2015 saw the emergence of a new team in the K-League in the form of Seoul E-land. They would ply their trade out of the Olympic Stadium in Jamsil albeit courtesy of a temporary stand constructed on the running track along the pitch. E-land, not ones for shunning the limelight, would make a lot of noise in their inaugural season and not only because of their leopard print kit. They made high profile signings such as ex- National team goalkeeper Kim Young Kwang from Ulsan and Kim Jae Sung from Pohang. They had more fan events than some K-League clubs have actual fans. They played social media like they had invented the idea and they played their football with the kind of swagger normally reserved for a chaebol ajossi exiting a Jongno noraebang at 4am. To quote the great Sir Alex Ferguson it’s safe to say they quickly became the “noisy neighbours” of the K-League.
On the field things were good too, after a shaky start they soon found their feet and an entertaining brand of football quickly emerged and as always it was accompanied by a YouTube or Facebook video. Unfortunately things weren’t to go completely to plan for the debut boys and they crashed out in the playoffs to eventual promotion winning Suwon FC but there is no denying it was a good first season for them and they definitely made their presence known within the all too often stuffy confines of the K-League.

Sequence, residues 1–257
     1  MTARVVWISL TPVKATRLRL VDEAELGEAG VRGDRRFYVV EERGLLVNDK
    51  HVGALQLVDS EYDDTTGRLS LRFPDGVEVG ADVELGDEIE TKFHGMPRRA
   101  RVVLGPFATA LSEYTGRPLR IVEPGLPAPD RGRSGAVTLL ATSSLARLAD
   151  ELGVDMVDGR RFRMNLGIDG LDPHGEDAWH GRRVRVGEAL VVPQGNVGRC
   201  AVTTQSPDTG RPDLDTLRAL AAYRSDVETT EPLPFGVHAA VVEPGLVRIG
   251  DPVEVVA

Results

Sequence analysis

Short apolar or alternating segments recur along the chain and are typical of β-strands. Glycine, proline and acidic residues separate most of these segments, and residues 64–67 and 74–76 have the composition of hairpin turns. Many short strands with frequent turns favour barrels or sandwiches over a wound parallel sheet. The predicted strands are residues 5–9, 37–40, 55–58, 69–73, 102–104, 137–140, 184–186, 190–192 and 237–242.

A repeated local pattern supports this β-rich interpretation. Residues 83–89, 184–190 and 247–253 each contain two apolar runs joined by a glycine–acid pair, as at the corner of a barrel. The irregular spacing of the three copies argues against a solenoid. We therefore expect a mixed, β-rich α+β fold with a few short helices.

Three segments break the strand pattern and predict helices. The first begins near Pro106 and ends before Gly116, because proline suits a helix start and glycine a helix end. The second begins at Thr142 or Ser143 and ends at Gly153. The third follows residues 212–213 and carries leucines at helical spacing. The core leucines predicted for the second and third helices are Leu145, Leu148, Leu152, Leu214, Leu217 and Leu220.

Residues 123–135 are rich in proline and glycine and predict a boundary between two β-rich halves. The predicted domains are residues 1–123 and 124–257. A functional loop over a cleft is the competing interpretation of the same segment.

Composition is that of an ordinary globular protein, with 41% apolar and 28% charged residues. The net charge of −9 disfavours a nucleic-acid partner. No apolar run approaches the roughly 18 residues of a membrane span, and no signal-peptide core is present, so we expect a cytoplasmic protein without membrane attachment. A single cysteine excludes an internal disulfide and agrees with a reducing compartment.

Just before Christmas Seoul E-land’s Assistant Head Coach Dan Harris came down to 48 Shades Tower to discuss his first year in the land of the morning calm. We talked performances, fans, kits, injuries and of course kimchi. It was a pretty comprehensive interview, a teaser is below.
The full interview is available on Soundcloud, with the link at the bottom of this page and also available to download on iTunes.
The number one question on everyone’s lips, do you like kimchi?
It’s an acquired taste, I’m growing to like it, although not sure I’ll ever fall passionately in love with it.
The claim is it’s the healthiest food in the world, working in that field do you believe that to be true?
As part of a balanced diet there is a role for it sure. Given some of the things I’ve seen the lads eat back home it’s definitely a better choice than some of that for sure.